and a couple years later the Federalist party is gonna lose
the Senate, and they’ll no longer really a viable force in
American politics. So. So what’s a good Federalist to
do? Well, what Adams did was to take
two things and combine them. One was this perennial Supreme
Court antipathy towards the circuit riding system. And the other was this panic
that the Jeffersonian Republicans/Antichrists were
going to destroy the republic. And he got his Congress, the
Federalist Congress, just as they’re about to leave office –
Jefferson’s won but there’s a long time lag before
Jefferson’ll be sworn in – to pass a new Judiciary Act, the
Judiciary Act of 1801. And the Judiciary Act of 1801
says the circuit riding thing didn’t work, so we’re gonna
create a whole bunch of new independent circuit courts, and
they’ll be staffed by circuit court judges, and we’re gonna
kind of create a bunch of sort of lower order judges, Justices
of the Peace, to handle a lot of smaller matters and primarily,
not just in urban areas, but including in urban areas. There’ll- gonna be 42 of those,
there’s gonna be a whole lot of new circuit judges, and I’m to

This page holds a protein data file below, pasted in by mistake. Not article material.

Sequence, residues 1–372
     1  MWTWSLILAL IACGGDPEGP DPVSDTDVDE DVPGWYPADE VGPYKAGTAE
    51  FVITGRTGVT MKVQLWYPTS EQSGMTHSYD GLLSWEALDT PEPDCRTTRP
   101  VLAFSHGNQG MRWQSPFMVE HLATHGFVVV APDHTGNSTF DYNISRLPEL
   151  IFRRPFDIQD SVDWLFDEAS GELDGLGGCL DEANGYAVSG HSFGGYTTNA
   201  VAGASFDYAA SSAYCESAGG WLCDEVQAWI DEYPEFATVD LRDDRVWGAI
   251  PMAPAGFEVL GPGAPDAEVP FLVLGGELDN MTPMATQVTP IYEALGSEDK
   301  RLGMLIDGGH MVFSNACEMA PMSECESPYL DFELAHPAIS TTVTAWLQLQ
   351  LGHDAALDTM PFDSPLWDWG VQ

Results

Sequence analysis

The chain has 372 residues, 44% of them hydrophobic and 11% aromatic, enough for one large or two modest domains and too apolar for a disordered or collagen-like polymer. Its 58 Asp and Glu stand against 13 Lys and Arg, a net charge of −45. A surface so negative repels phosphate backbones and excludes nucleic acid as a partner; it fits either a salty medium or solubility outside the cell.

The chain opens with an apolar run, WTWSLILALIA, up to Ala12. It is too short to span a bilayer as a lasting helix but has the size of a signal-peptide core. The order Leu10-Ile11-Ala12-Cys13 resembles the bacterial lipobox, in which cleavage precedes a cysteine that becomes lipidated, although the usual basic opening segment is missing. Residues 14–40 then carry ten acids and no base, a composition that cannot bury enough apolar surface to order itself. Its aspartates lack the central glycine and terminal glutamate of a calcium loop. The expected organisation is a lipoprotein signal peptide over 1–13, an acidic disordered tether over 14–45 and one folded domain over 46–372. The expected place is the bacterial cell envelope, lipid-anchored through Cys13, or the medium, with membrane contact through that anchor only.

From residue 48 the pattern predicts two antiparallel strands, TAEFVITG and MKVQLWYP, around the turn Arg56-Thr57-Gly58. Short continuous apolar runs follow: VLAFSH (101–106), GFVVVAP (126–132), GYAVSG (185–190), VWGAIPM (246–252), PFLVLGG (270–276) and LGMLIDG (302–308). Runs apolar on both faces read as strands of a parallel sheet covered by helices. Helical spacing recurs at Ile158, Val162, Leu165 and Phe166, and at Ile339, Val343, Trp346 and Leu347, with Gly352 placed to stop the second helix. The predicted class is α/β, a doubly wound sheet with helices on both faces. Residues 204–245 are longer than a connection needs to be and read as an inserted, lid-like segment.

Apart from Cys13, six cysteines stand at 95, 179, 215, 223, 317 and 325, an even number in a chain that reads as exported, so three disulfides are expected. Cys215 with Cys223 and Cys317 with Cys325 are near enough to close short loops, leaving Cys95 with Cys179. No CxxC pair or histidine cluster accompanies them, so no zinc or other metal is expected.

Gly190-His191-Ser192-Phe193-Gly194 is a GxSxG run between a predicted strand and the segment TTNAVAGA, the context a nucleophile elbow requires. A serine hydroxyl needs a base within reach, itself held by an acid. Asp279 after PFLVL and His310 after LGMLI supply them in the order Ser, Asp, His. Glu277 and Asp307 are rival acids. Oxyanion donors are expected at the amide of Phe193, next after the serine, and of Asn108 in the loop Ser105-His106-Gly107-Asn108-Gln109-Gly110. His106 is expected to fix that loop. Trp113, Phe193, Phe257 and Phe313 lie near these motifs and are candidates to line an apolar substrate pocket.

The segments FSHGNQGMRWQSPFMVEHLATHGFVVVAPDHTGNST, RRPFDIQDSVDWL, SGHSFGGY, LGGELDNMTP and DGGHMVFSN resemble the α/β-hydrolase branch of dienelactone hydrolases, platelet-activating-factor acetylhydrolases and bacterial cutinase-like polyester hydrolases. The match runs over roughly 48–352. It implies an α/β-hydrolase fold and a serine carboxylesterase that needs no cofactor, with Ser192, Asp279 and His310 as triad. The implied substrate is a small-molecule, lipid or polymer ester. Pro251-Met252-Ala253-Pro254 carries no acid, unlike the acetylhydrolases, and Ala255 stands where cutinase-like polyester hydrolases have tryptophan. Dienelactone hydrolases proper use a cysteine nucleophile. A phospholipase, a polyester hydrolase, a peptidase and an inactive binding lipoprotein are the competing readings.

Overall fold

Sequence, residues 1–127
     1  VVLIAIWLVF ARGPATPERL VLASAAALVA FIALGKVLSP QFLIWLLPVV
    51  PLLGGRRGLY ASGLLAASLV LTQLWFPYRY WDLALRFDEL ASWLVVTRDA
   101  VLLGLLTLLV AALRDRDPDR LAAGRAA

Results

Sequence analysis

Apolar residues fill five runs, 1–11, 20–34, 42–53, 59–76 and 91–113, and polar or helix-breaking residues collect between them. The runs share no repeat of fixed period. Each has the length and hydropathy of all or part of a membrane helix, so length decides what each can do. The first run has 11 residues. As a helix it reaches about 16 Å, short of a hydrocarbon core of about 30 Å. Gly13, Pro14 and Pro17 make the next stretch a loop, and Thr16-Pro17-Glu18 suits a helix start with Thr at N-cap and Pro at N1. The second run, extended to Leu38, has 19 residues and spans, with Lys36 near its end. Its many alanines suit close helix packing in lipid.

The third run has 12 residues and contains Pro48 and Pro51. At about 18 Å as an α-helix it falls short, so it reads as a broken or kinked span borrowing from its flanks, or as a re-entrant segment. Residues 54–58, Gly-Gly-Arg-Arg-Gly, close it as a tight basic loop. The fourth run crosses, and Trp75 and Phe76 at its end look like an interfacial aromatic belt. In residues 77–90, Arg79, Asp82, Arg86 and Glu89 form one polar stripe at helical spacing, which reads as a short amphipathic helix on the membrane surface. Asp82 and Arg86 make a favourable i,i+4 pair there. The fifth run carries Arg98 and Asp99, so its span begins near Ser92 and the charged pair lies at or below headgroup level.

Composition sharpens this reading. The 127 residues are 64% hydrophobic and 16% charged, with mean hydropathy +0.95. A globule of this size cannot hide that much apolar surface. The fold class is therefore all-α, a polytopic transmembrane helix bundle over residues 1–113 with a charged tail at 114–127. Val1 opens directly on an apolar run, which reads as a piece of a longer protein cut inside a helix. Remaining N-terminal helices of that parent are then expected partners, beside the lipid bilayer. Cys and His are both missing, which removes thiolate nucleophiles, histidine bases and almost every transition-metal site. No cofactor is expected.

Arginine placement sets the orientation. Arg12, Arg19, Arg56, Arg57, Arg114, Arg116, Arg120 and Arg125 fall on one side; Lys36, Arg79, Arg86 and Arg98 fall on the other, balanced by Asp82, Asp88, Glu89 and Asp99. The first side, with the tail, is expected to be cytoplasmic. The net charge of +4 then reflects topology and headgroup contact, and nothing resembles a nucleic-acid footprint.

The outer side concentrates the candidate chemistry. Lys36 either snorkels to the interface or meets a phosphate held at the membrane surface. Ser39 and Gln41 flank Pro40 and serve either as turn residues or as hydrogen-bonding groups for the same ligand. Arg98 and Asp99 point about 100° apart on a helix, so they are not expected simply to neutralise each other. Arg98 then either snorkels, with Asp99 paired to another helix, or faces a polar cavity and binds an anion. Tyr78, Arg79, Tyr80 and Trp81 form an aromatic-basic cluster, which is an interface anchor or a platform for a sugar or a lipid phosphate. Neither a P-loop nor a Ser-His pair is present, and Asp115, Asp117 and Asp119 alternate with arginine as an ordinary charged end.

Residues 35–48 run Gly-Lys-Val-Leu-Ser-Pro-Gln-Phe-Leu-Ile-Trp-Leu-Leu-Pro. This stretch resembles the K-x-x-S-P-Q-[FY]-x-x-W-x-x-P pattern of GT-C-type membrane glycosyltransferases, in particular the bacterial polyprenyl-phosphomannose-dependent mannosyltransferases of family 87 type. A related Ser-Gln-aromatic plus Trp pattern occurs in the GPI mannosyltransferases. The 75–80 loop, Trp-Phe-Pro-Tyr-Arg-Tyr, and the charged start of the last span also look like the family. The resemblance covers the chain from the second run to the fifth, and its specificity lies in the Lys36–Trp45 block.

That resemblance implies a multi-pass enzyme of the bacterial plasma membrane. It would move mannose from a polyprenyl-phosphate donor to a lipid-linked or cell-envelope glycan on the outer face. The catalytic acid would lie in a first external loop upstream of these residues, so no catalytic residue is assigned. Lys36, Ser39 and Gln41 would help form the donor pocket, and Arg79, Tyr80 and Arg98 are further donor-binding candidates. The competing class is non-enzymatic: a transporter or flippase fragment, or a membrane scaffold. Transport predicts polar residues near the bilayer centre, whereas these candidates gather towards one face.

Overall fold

save Jefferson the trouble I’m gonna appoint them now. And so he sat down and started
naming, the Federalist Congress running these things through
(inaudible). Jefferson was furious about
this. His line in correspondence was,
“The Federalists have retreated into the judiciary as a
stronghold, and from there they intend to batter down all the
works of Republicanism.” Which is kind of what Marbury
will be about, as you’ll see. So for the Jeffersonians. So all these people are
appointed. Now, the process of appointment
is kinda interesting: they get nominated, they get confirmed by
the Senate, and then they get these certificates saying
“You’re a Justice of the Peace,” or “You’re a circuit court
judge.” And they’re all supposed to be
signed by the Secretary of State and then delivered to the
recipient, who can then go into action, right, for these
five-year terms for Justices of the Peace and life terms for the
circuit court judges. Well, who’s the Secretary of
State at this time? Interestingly, it’s a fellow
named John Marshall, who was probably the leading Federalist
in Virginia. This isn’t all Marshall was
doing; the Supreme Court Chief Justice had resigned, Adams had
to fill that spot. The first few people that he
invited to become Chief Justice turned him down ‘cus they had
better jobs. John Jay for instance was
happier being governor of New York, ‘cus there was more going
on then on the Supreme Court. So eventually, Adams said to
Marshall, who was helping him vet these- it’s a bit like
Bush/Cheney, “Well, I guess I’ll have to pick you!” Right? And Marshall said, “Cool,” or
the late 19th century equivalent, and so he got… He was actually simultaneously
Chief Justice of the United States and Secretary of State. It’s the only time that’s ever
happened, or probably ever will happen. Well, Marshall all this stuff
gets approved the last day the Adams administration’s in office